President Benjamin Harrison Appoints a U.S. Delegate to the Conference That Formed the Organization of American States

He choses Cornelius Bliss, a major supporter and future Cabinet member

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This is the only appointment for the formation of the OAS that we have ever seen

The First International Conference of American States was agreed to in 1889 and convened in Washington in January 1890. It was held largely as the result of the efforts of U.S. Secretary of State James G....

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President Benjamin Harrison Appoints a U.S. Delegate to the Conference That Formed the Organization of American States

He choses Cornelius Bliss, a major supporter and future Cabinet member

This is the only appointment for the formation of the OAS that we have ever seen

The First International Conference of American States was agreed to in 1889 and convened in Washington in January 1890. It was held largely as the result of the efforts of U.S. Secretary of State James G. Blaine, who believed in the special role of the nations of the New World as a beacon of hope, progress, and cooperation, in contrast to the seemingly constant wars, competition and quarrels of the Old World. He also saw such an organization useful to reach agreements on common commercial and juridical issues among the countries of the Americas. The Conference established the International Union of American Republics, later called the Pan-American Union, with its headquarters in Washington, D.C. In 1948 it was reconstituted as the Organization of American States (OAS), which still exists to promote economic, military, and cultural cooperation among its members, which include almost all of the independent states of the Western Hemisphere. The OAS’s main goals are to prevent any outside state’s intervention in the Western Hemisphere and to maintain peace between the various states within the hemisphere.

In the economic and social field, the most notable achievement of the OAS was its adoption of the Alliance for Progress in 1961. This was designed to further economic and social development, and its specific goals included a sustained growth in per capita income, more equitable distribution of income, accelerated development in industry and agriculture, improvement of health and welfare, stabilization of export prices, and domestic price stability. in the 1990s, the OAS became more active in encouraging democratic government in member states, and it became a leader in observing and monitoring elections to safeguard against irregularities.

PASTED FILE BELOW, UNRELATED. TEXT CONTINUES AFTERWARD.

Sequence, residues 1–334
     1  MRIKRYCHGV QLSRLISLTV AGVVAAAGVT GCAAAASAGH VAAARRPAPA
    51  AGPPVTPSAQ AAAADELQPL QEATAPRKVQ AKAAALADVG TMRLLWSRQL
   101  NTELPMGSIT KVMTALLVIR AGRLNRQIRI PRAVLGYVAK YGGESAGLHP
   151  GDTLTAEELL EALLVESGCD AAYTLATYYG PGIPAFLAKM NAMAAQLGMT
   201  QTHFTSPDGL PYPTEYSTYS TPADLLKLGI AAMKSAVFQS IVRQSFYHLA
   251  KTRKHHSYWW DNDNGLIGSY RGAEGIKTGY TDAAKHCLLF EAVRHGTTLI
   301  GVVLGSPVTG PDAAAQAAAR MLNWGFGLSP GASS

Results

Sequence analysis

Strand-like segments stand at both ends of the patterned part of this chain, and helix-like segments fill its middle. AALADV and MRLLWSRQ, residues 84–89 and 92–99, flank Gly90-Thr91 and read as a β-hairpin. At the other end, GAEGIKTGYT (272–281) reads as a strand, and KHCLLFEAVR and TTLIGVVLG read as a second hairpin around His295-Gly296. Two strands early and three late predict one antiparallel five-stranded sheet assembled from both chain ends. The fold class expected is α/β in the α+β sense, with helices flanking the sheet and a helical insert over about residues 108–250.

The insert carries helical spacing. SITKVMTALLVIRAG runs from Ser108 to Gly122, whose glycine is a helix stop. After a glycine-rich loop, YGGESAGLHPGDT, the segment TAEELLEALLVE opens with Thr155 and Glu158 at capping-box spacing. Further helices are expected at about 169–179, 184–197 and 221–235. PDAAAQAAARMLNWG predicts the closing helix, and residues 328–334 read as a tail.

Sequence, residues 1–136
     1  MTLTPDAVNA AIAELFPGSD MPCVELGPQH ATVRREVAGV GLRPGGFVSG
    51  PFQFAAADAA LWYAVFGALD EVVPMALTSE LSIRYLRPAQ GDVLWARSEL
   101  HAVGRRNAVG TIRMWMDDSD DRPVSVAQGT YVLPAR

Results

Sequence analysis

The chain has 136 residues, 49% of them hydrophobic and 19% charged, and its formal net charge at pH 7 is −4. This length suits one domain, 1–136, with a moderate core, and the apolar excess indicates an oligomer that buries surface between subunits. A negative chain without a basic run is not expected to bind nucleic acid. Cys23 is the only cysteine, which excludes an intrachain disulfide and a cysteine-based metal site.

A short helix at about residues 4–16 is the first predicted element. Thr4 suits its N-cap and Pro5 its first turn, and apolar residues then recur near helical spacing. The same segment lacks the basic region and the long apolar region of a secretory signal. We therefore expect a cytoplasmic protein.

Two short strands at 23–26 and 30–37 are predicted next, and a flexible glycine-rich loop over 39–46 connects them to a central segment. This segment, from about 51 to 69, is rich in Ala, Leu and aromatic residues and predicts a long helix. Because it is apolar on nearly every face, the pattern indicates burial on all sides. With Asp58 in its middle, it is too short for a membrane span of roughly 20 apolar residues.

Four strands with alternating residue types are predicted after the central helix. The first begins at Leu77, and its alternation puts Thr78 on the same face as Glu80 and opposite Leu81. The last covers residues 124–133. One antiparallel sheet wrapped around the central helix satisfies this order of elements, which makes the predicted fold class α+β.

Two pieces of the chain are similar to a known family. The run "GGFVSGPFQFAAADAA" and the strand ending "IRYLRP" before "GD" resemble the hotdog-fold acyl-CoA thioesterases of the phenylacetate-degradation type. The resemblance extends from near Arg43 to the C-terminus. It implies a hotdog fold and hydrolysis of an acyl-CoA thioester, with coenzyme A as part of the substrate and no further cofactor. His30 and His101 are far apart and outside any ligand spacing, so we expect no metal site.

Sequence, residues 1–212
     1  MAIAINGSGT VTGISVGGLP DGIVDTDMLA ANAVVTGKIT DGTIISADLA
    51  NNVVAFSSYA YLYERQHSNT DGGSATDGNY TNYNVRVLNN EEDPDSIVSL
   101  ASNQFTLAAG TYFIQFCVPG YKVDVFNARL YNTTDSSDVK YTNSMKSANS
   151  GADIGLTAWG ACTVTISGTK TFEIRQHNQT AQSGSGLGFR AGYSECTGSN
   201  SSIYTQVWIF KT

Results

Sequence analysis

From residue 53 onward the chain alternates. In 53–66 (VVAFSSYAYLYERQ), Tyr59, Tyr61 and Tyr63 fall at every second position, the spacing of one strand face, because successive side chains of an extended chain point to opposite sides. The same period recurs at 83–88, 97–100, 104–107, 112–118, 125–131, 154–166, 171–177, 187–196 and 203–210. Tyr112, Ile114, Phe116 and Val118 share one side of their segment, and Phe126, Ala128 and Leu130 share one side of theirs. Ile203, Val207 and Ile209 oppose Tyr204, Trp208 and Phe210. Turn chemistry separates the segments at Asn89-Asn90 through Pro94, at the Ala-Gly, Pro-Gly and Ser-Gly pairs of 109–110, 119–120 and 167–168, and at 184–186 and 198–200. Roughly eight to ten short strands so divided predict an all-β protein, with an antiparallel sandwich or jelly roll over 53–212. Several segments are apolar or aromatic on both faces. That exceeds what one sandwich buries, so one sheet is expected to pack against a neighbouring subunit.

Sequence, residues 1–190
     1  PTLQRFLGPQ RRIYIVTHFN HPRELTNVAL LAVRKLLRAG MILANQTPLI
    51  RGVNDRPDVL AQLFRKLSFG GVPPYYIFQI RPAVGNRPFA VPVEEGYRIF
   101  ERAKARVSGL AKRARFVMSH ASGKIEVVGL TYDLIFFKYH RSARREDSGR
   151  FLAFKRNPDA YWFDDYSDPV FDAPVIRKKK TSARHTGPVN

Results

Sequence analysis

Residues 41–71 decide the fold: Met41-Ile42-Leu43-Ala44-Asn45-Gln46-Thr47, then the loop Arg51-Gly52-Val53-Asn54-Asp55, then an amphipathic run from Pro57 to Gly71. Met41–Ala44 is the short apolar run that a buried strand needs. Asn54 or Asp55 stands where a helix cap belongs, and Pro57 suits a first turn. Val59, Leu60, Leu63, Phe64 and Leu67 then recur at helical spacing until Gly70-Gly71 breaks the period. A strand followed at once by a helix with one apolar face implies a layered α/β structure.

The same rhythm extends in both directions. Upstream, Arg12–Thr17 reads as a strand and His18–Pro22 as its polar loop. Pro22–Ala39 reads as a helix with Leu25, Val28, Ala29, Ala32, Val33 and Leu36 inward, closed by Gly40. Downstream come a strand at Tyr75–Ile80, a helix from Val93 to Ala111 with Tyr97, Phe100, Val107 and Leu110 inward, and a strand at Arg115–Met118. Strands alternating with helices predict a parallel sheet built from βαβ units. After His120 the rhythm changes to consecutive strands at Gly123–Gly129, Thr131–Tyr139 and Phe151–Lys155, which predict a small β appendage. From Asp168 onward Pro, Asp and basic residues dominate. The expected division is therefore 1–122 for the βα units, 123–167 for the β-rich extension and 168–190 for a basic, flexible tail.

Cornelius N. Bliss was chairman of the Republican committee in New York in 1887 and 1888, and contributed much to the success of the Benjamin Harrison ticket in his state in the 1888 election. He served as treasurer of the Republican National Committee from 1892 to 1904. He turned down the offer of becoming Secretary of the Treasury under President McKinley, but accepted the post of Secretary of the Interior, maintaining that position until February 1899. Offered by McKinley the vice presidential slot in his 1900 reelection campaign, he declined, so the nod went instead to Theodore Roosevelt. In 1904, Bliss was Roosevelt’s campaign manager.

Document signed, Washington, April 2, 1889, appointing “Cornelius N. Bliss of New York” to be “Delegate to the Conference between the United States of America and the Republics of Mexico, Central and South America, Haiti, San Domingo, and the Empire of Brazil, to be held at Washington in 1889.” The document is countersigned by James Blaine as Secretary of State, a fitting countersignature considering this conference was his idea. The Seal of the United States is still present.

This is the only appointment for the formation of the OAS that we have ever seen.

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